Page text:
I use this blog as a soap box to preach (ahem... to talk :-) about subjects that interest me.

Wednesday, August 15, 2012


I recently watched on TV a discussion about the concept of aboriginality. What is it and who should have the right to claim it?

When the whites came to Australia and claimed it for themselves, they almost completely destroyed Aboriginal culture and heritage. They did it in many ways, some of which were blatant and some more subtle. They did it by making a sport out of shooting Aborigines. They did it by taking away from their families those who had a white parent (thereby creating what is known as The Lost Generation). They did it by banning the use of Aboriginal languages and ceremonies. They did it by forcing Aborigines to abandon their traditional way of life. They did it by spreading diseases and alcohol. They did it by mocking and ridiculing black people.

Today, many descendants of the first Australians live in appalling conditions. On average, they live shorter lives than non-Aboriginal Australians. Their unemployment rate is shocking. And they end up and die in jail all too often.

It is not possible to erase what has already happened, but it is our collective obligation to provide to the Aborigines a better than fair chance to progress. I said “better than fair” because, after centuries of neglect and marginalisation, they need all the help they can get. Not as an act of charity, but as an act of justice and hope. They need help in finding ways of helping themselves.

We have in Australia a kind of affirmative action for Aborigines and Torres-Strait Islanders (Torres Strait is between Australia and Papua New Guinea). For example, all applications forms to apply for jobs with any level of Australian government (local, state, or federal) include a box to tick if you can claim to descend from original Australians.

If you are recognised as an Aborigine, you have access to funding and grants that are unavailable to other Australians. This makes some Australians unhappy, but I fully support it. It is in my opinion a must.

That said, the fact that benefits are associated with being recognised as a person of Aboriginal descent clouds the issue of Aboriginality. Inevitably, some claim to be Aborigines to take advantage of the benefits, although they are not. Because of the benefits, the question of whether somebody is an Aborigine ceases to be purely a matter of identity, heritage, and culture.

Who decides whether you are an Aborigine? There are Aboriginal Councils and other organisations that can issue certificates of Aboriginality, but on which basis?

If somebody has the colour and the somatic traits of an Aborigine, speaks an Aboriginal language, and is known by the elders of the clan to which he belongs, there cannot be any doubts about his aboriginality.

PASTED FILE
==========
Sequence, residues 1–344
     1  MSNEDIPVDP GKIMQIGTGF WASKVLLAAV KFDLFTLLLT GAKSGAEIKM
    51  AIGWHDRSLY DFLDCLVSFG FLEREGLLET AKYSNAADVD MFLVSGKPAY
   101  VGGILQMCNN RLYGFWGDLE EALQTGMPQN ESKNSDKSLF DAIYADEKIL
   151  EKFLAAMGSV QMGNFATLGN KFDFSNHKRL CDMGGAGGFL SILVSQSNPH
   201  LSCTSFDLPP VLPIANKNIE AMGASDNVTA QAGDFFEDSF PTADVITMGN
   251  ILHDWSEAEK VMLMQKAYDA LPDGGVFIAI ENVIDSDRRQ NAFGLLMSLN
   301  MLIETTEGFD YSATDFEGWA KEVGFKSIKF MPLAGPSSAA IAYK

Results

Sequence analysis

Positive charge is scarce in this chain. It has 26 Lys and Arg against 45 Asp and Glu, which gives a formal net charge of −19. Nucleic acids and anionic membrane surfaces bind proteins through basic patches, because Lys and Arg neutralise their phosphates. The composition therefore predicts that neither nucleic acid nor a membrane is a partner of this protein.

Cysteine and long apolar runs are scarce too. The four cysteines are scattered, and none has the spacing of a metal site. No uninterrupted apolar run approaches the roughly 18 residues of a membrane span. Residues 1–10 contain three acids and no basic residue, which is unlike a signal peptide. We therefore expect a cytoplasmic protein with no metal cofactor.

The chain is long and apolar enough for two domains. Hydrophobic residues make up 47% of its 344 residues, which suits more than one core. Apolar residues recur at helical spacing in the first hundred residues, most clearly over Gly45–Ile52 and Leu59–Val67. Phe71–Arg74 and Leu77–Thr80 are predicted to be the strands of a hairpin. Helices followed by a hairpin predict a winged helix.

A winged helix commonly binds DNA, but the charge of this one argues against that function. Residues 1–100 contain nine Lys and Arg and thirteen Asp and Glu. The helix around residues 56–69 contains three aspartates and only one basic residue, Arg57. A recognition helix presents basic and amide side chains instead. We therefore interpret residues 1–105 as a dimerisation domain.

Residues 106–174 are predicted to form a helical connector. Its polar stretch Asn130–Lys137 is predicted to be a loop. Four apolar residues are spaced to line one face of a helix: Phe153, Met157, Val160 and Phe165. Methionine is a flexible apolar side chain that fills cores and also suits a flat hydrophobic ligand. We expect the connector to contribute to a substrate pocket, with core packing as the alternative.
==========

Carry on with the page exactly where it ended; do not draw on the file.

Similarly, if one looks white and cannot prove to have any Aboriginal ancestry, there is a good chance that he is not an Aborigine.

But most cases are not so “black and white” (pun intended!)

Some people only have an Aboriginal grandparent and look completely white, even with blue eyes and blond hair. And yet, having grown up in a family that was known in their neighbourhood to be Aboriginal, they consider themselves Aborigines.

Others were taken away from their Aboriginal mother and forcibly adopted by a white couple when they were babies. They might look dark enough (whatever that means), but have sometimes no idea where they were born, and might only know something of what it means being an Aborigine from what they have learned as adults.

As far as I know, in the USA, belonging to a tribe of Indian Americans is determined on the basis of a DNA test. Having a heritage and belonging to a culture has not much to do with DNA, does it? Is then a DNA test what is needed? If not, would it be fair to exclude people who know nothing about Aboriginal culture only because they were forcibly removed from their families?

I believe that we should define clear and measurable criteria and require that at least one of them is satisfied. Obviously, together with the desire of being recognised as an Aborigine, because the last thing we want is to force people into drawers. The first possible criteria that come to mind are:
  1. Traceability of ancestry to an Aboriginal person.
  2. Presence of any Aboriginal DNA detected with a set probability, similarly to what is done in court to determine paternity.
  3. Being recognised as a member by an Aboriginal clan.
Satisfying any one of them should suffice. I certainly left out something, but the point I want to make here is that the decision cannot be left to subjective opinion of people who have no association with the person who’s applying to be recognised. The applicant shouldn’t feel that his Aboriginality is arbitrarily questioned.

Like every law and regulation, also what I propose would be subject to abuse. For example, a single corrupt elder of a recognised Clan (there can be crooks anywhere) could be bribed into signing illegitimate certificates of Aboriginality. And any analysis, including aDNA test, can be faked.

But a clear set of rules would at least be verifiable. I’m convinced that the number of abuses would be reduced.

All this says nothing about who should get support in preference to others, because “greater need” is a fishy concept. But (just for the pleasure of throwing in a cliché) Rome wasn’t built in a day...

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